nearly two million people in Greece are without work now, including those whose year-long benefits have run out.

Furthermore, taking into account that employees paid by the public sector, one way or another, are 1.0-1.1 million people,

the percentage of unemployment in the private sector is already 50%. In August there were thousands of businesses that did not paid salaries, hundreds of thousands of Greek households with no income that month. There are also companies that do not pay their employees’ salaries for months. The special secretary of the Labour Inspectorate said data show that 120,000 businesses have not paid their salaries on time. So, more than 400.000 workers were not paid on August [7], and over 400,000 families

are without a wage earner [8]. That also means that

one in two Greeks that is being paid a salary nowadays belongs, one way or another, to the public sector.

It is obvious that Troika still “supports” public sector in order to be able to pay especially the guardians of the tyrannical regime-Greek government, so as to proceed to the final stage of the “rescue plan”, as soon as possible (“fast track”): to buy Greece’s public wealth at 10% or less of its real value. Everything is going to be privatized. That will be the end of troika’s plan orchestrated by Germany, transforming Greece into a German protectorate, with a standard of living similar with that of the Third World countries. As an exchange, Troika has promised to a certain part of the corrupted Greek political and financial elite that they will remain in local power afterwards.

Another critical sector collapsing at an accelerating pace is healthcare [9]. Healthcare in Greece is already at crisis point with hospitals running out of vital supplies and drugs. Cancer patients have to source their own prescriptions as pharmacies fail to stock vital drugs due to the government not providing funds to pay for them. The insolvent country’s worsening liquidity has led to public insurers being unable to pay bills and prescription drugs running dangerously low.

Thousands of people have no access to public healthcare. Doctors estimate that right now, at least 40% of Greeks are either uninsured or cannot get public healthcare, and the trend is likely to grow. Furthermore, hospitals are under increased pressure as austerity has resulted in many people abandoning hospitals of the private for public sector. Additional strain is placed on hospitals due to the needs of illegal immigrants who have not contributed towards social security funds.

Greece’s overall public healthcare system is on the verge of collapse. Public hospitals are under-staffed and under-supplied. The government owes millions of Euros to pharmacies and medical staff.

Finally, the most important thing: The serious economic crisis will have serious repercussions for even the youngest swathes of the population. The physical and psychological development of youngsters in the country is at risk because of malnutrition caused by poverty. The alarm has been raised in a report of April 2012 on the situation of young people in Greece drafted by Unicef’s Greek committee and by the University of Athens. The report says that 439,000 children in the country are currently living below the poverty line – underfed and in insalubrious conditions – in families that represent 20.1% of Greek households [10].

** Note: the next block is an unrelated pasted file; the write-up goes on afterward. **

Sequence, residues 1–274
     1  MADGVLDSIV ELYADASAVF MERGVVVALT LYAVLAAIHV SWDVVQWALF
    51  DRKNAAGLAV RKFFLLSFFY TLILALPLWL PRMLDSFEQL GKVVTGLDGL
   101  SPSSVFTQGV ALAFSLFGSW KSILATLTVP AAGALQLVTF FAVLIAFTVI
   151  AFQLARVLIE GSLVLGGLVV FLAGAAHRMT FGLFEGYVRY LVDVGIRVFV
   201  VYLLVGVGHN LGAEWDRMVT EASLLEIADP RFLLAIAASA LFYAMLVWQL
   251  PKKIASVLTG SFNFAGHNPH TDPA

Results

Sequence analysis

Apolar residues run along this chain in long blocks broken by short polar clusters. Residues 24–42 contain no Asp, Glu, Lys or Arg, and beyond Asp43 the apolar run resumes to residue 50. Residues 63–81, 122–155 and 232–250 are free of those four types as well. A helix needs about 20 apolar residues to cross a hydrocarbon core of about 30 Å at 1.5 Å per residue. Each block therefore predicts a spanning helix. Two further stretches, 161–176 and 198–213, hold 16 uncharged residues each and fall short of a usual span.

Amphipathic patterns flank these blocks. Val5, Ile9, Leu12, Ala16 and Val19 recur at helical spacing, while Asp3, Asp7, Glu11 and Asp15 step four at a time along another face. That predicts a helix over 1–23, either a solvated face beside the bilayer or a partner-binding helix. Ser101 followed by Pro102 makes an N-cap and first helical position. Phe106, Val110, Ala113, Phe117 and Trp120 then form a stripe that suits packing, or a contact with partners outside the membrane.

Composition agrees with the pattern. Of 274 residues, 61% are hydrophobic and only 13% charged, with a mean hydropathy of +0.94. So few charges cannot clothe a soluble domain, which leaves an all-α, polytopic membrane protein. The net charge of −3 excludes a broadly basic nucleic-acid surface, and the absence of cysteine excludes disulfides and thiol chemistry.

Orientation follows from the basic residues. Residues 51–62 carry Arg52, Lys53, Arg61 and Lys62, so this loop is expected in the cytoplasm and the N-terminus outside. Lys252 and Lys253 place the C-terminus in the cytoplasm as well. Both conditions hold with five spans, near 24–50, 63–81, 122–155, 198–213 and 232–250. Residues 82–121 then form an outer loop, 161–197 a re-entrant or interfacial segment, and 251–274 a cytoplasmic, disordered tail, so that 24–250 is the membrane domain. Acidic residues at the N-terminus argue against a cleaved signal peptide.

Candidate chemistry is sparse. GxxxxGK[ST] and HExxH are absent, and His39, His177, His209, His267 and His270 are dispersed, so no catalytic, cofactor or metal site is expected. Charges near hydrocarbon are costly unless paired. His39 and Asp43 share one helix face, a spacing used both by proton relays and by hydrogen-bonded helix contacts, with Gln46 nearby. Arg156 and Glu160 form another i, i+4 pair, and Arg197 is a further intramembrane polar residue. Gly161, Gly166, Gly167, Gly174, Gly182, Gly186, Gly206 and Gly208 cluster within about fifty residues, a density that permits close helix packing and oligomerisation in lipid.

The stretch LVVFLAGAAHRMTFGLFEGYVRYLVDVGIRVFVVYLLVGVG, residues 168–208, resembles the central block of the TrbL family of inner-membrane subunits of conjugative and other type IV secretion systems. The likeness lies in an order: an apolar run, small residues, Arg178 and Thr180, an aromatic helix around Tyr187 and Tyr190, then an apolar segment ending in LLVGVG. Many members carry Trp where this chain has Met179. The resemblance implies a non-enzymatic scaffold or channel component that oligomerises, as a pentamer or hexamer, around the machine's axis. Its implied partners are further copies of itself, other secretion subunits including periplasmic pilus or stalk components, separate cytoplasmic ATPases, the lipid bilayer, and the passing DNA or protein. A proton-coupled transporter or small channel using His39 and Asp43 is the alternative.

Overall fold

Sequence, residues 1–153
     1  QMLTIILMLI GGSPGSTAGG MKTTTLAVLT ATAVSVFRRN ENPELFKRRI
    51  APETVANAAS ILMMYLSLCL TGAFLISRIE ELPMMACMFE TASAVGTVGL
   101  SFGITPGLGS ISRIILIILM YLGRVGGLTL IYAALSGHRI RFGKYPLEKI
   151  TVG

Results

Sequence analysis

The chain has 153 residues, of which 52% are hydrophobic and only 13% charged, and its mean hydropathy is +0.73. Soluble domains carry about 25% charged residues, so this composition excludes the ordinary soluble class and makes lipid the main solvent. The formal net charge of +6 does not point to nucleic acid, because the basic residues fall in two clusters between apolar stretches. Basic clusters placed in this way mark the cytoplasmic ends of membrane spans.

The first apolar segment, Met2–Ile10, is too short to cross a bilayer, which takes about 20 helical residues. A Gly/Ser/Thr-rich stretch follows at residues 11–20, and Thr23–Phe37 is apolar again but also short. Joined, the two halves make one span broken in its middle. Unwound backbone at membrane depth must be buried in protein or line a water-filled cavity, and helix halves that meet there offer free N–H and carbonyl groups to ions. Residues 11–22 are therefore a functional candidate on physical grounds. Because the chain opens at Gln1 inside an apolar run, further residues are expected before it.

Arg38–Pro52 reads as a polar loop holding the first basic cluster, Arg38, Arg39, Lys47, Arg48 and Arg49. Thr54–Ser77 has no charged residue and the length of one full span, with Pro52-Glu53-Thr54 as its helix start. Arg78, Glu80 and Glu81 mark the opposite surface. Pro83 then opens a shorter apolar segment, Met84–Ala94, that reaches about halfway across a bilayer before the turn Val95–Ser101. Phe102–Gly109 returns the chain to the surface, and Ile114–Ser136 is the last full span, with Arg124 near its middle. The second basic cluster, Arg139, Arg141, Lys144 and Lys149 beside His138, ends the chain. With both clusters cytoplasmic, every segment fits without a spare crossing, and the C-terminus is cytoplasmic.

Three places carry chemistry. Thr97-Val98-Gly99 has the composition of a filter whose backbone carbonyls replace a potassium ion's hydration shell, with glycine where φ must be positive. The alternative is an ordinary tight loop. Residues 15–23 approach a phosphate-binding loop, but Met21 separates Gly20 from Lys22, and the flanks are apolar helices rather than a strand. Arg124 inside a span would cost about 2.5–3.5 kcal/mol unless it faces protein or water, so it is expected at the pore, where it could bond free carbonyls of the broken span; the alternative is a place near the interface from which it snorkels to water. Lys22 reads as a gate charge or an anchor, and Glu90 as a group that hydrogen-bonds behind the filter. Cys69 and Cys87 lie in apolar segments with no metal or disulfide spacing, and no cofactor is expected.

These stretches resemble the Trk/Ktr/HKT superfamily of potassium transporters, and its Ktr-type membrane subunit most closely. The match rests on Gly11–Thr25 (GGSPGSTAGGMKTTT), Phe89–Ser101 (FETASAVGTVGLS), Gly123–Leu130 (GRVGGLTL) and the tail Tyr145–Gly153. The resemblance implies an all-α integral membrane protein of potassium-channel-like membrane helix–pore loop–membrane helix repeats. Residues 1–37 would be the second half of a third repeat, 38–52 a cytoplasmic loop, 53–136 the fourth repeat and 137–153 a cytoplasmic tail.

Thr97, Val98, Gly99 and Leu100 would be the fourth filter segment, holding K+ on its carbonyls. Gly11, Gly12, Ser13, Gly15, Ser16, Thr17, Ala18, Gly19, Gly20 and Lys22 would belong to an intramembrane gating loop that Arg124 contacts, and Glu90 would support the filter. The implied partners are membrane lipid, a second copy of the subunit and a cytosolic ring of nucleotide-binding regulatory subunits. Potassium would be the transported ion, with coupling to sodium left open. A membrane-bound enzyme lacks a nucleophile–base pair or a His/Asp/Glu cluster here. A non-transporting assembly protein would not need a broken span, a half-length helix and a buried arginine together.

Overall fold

The final blow

Under this depressionary financial situation, Troika demands from Greece to adopt austerity measures worth 9 billion Euros next year, rather than the 7.8 billion Euros it had planned for in the 2013 budget. The total package for 2013 and 2014 is worth 13.5 billion Euros in spending reductions and tax hikes (in order to give 2-years extension, they demand measures worth 18.5 billion, according to latest information).

Almost 5 billion Euros of the cuts next year will come from pensions, which is likely to mean larger reductions for pensioners who earn more than 1,000 Euros a month than had originally been planned. About 1.7 billion Euros will be cut from civil servants salaries, rather than the planned 1.4 billion. Welfare payments will be slashed by 1.2 billion Euros. The measures will include an increase in the retirement age from 65 to 67.

These austerity measures will add more pain and recession to Greece. My first estimation is that recession will be 5-7% in 2013. Now, it is not known if there will be a 2-years extension for the implementation of austerity measures, but taking into account the fiscal multiplier effect IMF describes in its latest report, it seems highly probable that in the following 2-3 years Greek GDP will have a further decline of 10-15%.

In its latest report [11], IMF has an extended reference to fiscal multiplier. It admits that it made a huge mistake in its estimates for the recession as a result of austerity measures. In their latest researches they found the coefficient on planned fiscal consolidation to be large, negative, and significant. These researches suggest that actual fiscal multipliers were larger than forecasters assumed. In the case of Greece, fiscal multiplier has actually been over 1.5. Maybe, it can even be about 2.0.

Returning back to the austerity measures, the government orchestrates the final attack to the private sector. The wages of the employed in the private sector are cut down to Chinese standards in a completely de-regulated labour market. The tax measures taken, concerning especially the very weak self-employed and the owners of very small businesses, continue the “peaceful” procedure in concept like Kristallnacht in a Greek version against this part of private sector. The aim is now obviously the elimination from the market of the self-employed and the owners of small businesses, as soon as possible.